The Good Guys

Check out this infographic that I discovered…

Where is the lie actually? Did not the EU and affiliated groups pump money into destabilizing Ukraine in 2013-2014? If the EU did not provide support for what is happening in Ukraine, nothing would happen in Ukraine. The sanctions enacted by the West literally are governments shooting business into the foot with the hope that it will hurt the Russians. The Russians meanwhile found non-European (in many cases domestic) alternatives, and Crimea still belongs to Russia. Have the sanctions influenced anything?

Yes they actually did. In many areas where Russia depended on Western resources and services, Russia began a search for substitutions. Even in areas which were not sanctioned, that is because the threat of sanctions is in itself a sufficient motivating factor. In any case, the loser here is Western business.

I am glad there are still sensible politicians here in Europe.

The infographic comes from a fancy Ukrainian effort (probably Western funded) to combat Russian disinformation.

There was Probably an Organized Effort Throughout Social Media Platforms to Censor Information Critical of Alexey Navalny

From Bloomberg:

Facebook Inc. removed a network of more than 500 Instagram accounts that originated in Russia and targeted audiences in support of anti-corruption activist Alexey Navalny, according to a new report from the social media company.

The campaign relied on fake accounts to post critical or irrelevant content with hashtags associated with protests in January that backed the imprisoned opposition leader, a phenomenon known as hashtag poisoning, said Nathaniel Gleicher, Facebook’s head of cybersecurity policy. The process involves posting irrelevant or critical content to drown out relevant information and redirect the conversation. In some cases, fake users posted memes suggesting protesters got Covid-19.

Facebook’s automatic systems often detected and removed the fake accounts, prompting the bad actors to create new ones, so there were never 500 accounts in operation at the same time, Gleicher said.

The social media campaign targeted domestic audiences throughout demonstrations attended by tens of thousands of protesters in dozens of cities over the weekends of Jan. 23 and 31. The protests provoked a violent response from authorities, who accuse Navalny of working with foreign governments to try to destabilize the regime.

A video on my YouTube channel showing a violent protester of North Caucasus origin fighting the police was removed on grounds that violence is not allowed on the website. However, my channel contains other videos that could be interpreted as violent, why was this chosen? Maybe because it was posted shortly after the protests and would conflict with the Western media narrative of the protesters being “mostly peaceful.” My Twitter account was suspended because I criticized Navalny. And this leads me to believe that there was a command from somewhere to censor any critical content related to Alexey Navalny.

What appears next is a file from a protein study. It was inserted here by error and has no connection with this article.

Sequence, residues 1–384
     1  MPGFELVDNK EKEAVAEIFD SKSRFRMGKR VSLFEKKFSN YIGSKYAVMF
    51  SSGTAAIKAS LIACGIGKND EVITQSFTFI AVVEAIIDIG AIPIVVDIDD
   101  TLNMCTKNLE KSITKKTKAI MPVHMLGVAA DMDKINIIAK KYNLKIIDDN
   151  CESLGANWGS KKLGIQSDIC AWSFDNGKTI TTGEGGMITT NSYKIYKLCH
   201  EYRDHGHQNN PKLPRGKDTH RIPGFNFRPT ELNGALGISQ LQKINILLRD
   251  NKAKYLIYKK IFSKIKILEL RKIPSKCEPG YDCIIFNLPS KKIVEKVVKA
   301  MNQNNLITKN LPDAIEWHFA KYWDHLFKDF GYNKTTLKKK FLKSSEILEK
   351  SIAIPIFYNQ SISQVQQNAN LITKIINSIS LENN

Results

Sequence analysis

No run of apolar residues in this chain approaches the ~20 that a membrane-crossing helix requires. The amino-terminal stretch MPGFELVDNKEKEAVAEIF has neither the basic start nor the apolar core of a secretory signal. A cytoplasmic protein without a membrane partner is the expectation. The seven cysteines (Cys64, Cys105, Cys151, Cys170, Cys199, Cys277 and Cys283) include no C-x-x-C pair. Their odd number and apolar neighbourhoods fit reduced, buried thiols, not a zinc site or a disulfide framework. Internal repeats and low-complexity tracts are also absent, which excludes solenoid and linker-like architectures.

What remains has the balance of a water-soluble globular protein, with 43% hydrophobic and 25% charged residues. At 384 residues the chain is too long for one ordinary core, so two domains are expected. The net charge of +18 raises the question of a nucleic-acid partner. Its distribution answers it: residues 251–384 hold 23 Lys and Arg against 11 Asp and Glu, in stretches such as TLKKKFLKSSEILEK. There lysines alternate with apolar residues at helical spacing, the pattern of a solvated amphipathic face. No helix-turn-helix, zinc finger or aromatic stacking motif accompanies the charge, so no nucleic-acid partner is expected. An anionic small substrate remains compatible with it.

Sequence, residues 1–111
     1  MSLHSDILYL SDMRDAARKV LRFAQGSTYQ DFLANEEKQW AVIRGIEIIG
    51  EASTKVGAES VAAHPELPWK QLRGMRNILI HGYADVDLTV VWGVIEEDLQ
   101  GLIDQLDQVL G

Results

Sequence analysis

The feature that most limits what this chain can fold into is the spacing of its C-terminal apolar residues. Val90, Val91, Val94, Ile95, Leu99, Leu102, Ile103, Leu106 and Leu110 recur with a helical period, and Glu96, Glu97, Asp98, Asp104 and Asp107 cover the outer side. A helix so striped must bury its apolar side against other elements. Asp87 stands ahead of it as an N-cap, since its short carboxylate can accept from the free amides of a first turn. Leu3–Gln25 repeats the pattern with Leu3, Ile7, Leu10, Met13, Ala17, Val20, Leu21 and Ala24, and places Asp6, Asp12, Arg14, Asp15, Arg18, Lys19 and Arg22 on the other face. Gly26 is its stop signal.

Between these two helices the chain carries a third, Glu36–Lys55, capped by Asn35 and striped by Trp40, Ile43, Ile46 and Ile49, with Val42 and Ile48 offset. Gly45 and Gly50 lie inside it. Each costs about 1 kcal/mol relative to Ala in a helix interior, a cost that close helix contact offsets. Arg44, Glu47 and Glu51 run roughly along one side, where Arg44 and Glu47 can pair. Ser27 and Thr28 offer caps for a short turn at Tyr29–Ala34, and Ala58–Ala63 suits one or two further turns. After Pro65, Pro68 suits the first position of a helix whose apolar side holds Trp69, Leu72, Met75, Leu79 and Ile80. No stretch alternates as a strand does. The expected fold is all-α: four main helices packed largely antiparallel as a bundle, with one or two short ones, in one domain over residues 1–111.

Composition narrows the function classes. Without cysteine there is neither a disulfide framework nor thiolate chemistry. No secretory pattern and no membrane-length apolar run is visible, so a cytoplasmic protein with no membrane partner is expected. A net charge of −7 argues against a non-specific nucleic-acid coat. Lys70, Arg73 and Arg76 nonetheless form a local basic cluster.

Why do We Need the EU to Determine What Medicines to use?

The major objection of Russophobes towards Sputnik V, the Russian anti-Covid vaccine, is that it first needs to go through approval of the EU Medicines Agency before their respective countries accept it. Acting unilaterally like we have seen in Hungary or Slovakia brings out indignation…

The question nobody asks is why do we need another EU organ to determine what is safe and good? Why can’t we do it here and now? This dear readers is how the EU works, by undermining in people the faith in national institutions and replacing those with transnational bodies that are said to be more trustworthy than the local governments. This is why many would gladly delegate their decision making to organs in Brussels, where decisions are made in the ideologically proper manner.

So, when a bunch of leftists from Italy, Spain, France and Germany in the EU parliament decide the Czech Republic, Poland and Hungary must help their countries alleviate the burden of letting in hundreds of thousands of illegal immigrants, what are the people that cannot even make a decision on a vaccine going to say then? I personally hope they will fear the wrath of the populations they represent. But meanwhile, I urge you all to vote right-wing parties that want good policies, and FUCK THE EU in 2021…

Russophobes in Hysteria, Slovakia buys Sputnik V

It looks like the Slovak government obtained anti-COVID vaccine from Russia…

And there is some sort of political crisis going on.

“Vice Premier Remišová says she will not wouldn’t allow herself to be vaccinated with Sputnik, not her relatives and the people.” Even a smallest squabble in a government of an EU country will please the one in the East and the shipment fulfills its goals.

Who in the East? The Darkest One? This is Harry Potter language. Also, check this meme they are trying to peddle. Sputnik V is there to divide us. Anything from Russia is divisive if we choose to think this way. The author of the above tweet is from the director of Kremlin Watch, a project of the European Values. His name is Roman Máca.